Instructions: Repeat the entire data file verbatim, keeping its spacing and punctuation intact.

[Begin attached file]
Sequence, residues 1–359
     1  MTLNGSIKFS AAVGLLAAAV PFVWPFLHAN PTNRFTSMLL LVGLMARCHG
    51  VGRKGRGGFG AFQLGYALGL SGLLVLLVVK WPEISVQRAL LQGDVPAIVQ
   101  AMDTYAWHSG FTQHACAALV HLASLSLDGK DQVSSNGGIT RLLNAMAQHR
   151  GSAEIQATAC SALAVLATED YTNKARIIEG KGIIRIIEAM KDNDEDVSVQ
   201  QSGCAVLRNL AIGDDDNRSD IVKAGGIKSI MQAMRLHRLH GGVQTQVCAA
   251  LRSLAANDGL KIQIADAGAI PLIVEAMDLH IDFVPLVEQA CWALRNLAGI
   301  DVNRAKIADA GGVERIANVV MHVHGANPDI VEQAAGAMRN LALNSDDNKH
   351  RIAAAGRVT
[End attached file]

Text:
Sequence, residues 1–359
     1  MTLNGSIKFS AAVGLLAAAV PFVWPFLHAN PTNRFTSMLL LVGLMARCHG
    51  VGRKGRGGFG AFQLGYALGL SGLLVLLVVK WPEISVQRAL LQGDVPAIVQ
   101  AMDTYAWHSG FTQHACAALV HLASLSLDGK DQVSSNGGIT RLLNAMAQHR
   151  GSAEIQATAC SALAVLATED YTNKARIIEG KGIIRIIEAM KDNDEDVSVQ
   201  QSGCAVLRNL AIGDDDNRSD IVKAGGIKSI MQAMRLHRLH GGVQTQVCAA
   251  LRSLAANDGL KIQIADAGAI PLIVEAMDLH IDFVPLVEQA CWALRNLAGI
   301  DVNRAKIADA GGVERIANVV MHVHGANPDI VEQAAGAMRN LALNSDDNKH
   351  RIAAAGRVT